Monday, March 18, 2013

What I Read This Weekend

What I Read This Weekend . . .

Counterfeit Kisses by Sandra Heath -- Regency Romance

Sir Gareth Carew, passing time at his club while awaiting orders for his next government assignment, intently watches a card game between the notorious Duke of Exton and the young Stephen Holland, a youth fresh from the country.  The men are both vying for the favors of Fleur Fitzgerald, who is currently gracing the younger man's bed - for a price. She demands the ruby tiara that has been in the Holland family for centuries, for she believes the tiara belongs to the Fitzgeralds. When a drunk Stephen loses the tiara to the Duke, he's dismayed and worried what his twin sister will think. Gareth helps Stephen home and must put up with verbal abuse from the young man and his sister for his pains. Three years later, a widowed Susannah Holland Leighton is returning to London from her home in Bengal with her Indian servant and pet monkey, Chatterjee. She's determined to find the tiara and get it back before Exton sells it. A chance meeting with Jane, Duchess of Exton, reunites her with Gareth. Susannah is thrilled to be able to enact revenge on both the perpetrators of her brother's destruction. Before she can bring down Carew, however, she must pretend to be his long lost childhood sweetheart, a job which gets easier with every kiss. An invitation to the Duke of Exton's country home provides Susannah with the excuse she needs to retrieve the tiara, but not everything goes as planned and a series of adventures will bring her closer to what she really wants.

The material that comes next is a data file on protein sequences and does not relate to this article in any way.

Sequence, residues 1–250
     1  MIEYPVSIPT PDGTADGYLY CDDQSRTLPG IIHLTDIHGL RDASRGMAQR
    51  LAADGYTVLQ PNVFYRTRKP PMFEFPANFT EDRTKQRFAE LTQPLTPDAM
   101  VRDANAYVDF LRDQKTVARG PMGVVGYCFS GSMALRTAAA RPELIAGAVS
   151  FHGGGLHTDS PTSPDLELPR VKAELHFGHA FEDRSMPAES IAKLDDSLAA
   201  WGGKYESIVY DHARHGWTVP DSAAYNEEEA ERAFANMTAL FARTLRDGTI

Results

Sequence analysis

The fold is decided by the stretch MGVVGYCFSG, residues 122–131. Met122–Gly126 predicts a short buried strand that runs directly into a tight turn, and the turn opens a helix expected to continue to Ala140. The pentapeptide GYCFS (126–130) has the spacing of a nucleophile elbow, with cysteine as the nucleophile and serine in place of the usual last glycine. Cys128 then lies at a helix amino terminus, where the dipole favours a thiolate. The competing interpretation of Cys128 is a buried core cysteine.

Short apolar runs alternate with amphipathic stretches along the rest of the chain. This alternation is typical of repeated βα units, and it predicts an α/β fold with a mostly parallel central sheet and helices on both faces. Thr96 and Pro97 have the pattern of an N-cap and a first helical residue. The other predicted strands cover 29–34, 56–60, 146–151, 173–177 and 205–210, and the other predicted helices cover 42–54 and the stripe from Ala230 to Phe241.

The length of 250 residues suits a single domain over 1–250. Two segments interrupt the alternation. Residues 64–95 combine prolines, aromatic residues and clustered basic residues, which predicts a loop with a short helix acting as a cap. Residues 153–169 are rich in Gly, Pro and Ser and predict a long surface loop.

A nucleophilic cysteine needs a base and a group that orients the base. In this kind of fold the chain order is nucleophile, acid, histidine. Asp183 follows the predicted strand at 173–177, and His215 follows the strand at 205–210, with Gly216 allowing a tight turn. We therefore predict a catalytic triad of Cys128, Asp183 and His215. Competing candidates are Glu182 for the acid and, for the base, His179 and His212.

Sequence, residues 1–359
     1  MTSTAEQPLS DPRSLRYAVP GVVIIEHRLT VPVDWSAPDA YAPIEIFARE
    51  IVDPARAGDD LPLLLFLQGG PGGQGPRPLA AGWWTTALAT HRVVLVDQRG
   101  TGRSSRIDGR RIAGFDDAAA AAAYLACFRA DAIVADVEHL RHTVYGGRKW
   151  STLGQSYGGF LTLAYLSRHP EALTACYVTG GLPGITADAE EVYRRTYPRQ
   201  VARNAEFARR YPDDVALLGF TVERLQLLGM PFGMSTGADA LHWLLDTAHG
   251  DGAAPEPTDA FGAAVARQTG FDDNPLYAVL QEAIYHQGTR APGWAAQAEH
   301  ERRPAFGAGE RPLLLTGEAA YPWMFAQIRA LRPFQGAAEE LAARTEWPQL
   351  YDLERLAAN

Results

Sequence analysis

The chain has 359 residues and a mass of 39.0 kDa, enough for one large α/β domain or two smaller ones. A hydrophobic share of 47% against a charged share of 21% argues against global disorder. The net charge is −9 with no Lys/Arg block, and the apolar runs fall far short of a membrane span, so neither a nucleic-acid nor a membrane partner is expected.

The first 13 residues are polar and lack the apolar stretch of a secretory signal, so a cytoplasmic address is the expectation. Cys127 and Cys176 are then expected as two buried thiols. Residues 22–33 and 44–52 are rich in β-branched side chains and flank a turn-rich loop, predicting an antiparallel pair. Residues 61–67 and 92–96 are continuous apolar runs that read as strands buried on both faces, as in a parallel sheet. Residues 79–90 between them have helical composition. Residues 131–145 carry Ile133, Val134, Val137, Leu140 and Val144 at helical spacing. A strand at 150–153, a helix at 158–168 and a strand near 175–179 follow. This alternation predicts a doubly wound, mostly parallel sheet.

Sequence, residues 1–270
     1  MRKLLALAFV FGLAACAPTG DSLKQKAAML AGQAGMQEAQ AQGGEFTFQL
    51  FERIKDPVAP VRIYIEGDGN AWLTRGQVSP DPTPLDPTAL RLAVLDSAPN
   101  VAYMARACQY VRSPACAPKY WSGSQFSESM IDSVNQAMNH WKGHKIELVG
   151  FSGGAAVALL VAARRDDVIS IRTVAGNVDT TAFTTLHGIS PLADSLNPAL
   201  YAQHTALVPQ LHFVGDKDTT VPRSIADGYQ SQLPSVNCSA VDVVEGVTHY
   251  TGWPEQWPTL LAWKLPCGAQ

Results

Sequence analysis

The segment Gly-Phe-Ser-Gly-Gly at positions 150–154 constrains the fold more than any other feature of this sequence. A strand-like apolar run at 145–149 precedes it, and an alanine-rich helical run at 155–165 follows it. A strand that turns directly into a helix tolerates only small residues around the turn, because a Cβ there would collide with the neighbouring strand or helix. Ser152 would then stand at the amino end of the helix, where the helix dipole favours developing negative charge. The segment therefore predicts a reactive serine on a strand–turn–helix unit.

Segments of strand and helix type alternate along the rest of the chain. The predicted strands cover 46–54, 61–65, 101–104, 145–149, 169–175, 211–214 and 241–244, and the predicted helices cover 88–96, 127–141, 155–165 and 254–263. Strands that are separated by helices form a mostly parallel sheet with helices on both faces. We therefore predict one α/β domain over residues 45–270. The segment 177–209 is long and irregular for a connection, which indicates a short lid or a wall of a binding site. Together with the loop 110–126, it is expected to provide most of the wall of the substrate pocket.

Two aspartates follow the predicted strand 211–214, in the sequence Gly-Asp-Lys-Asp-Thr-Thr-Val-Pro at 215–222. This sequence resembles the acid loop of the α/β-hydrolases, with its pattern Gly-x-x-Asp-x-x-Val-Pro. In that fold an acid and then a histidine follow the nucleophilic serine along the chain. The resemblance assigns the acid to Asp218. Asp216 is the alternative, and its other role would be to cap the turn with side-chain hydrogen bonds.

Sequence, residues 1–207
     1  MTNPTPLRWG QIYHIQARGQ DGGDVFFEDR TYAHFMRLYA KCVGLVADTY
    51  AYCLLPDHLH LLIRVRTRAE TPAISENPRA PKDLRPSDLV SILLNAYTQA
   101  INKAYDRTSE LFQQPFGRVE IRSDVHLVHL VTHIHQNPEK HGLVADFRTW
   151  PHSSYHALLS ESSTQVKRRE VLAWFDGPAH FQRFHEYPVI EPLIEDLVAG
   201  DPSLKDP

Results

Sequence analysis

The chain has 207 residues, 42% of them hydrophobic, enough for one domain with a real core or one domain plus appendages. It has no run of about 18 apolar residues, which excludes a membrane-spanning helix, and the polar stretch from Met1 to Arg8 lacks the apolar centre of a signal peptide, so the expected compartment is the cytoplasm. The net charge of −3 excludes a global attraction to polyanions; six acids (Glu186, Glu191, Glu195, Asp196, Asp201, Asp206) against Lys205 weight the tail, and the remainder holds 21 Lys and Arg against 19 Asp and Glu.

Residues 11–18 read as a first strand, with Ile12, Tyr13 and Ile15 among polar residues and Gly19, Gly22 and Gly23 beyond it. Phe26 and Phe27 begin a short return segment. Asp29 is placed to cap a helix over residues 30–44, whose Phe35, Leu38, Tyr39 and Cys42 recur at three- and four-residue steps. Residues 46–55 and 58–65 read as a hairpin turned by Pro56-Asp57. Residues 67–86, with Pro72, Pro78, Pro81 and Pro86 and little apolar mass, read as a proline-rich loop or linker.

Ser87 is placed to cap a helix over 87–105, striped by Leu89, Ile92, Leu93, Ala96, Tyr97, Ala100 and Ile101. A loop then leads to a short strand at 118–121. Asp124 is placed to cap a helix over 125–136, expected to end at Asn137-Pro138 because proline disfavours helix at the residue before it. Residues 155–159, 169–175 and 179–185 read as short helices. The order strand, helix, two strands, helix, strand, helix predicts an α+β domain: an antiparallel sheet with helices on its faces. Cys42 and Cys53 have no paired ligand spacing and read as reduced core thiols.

I do not know what possessed me to read this book. It must have been the promise of an amusing animal companion. Even with Chatterjee, I really couldn't like this book very much. First, the hero and heroine have no basis for a romance other than physical attraction. She's a lonely widow, I understand why an attractive, fit, male with a whiff of danger would be appealing, but I did not find him an interesting hero. The story is told from the third person omniscient, making it difficult to know what the characters are thinking and feeling without being told. This makes for a difficult time understanding the characters. The secondary romantic pairing are so juvenile and ridiculous that I had a hard time being convinced to believe in them. The plot premise has potential to be a screwball comedy like Georgette Heyer or Barbara Metzger, but for me, it never really got there. It was very silly and unbelievable. In the first place, I gather than gentlemen took cheating at cards as a serious offense, so why didn't Carew say something, especially after the tiara was lost? I am certain he could won a duel easily and he was leaving soon for St. Petersburg anyway so he would have been able to flee the country quickly. Was it that he was worried he would loose his government post if he fought a duel? We don't know. The plot gets crazier and more unbelievable as it goes on. I figured out quickly who the man in the woods was. Yet I couldn't put the book down. I stayed up far too late. I did not even like Chatterjee, whom I found annoying and spoiled. He should have been left free in India where he belongs and never made into a pet. The best part of this novel is the descriptions of life in India and Indian customs. The other best part is the descriptions of the clothes worn. It's obvious the author did research, though I can't say as to whether her description of life in India at the beginning of the 19th century is correct. I would not recommend this story to those who appreciate a well-written, believable story.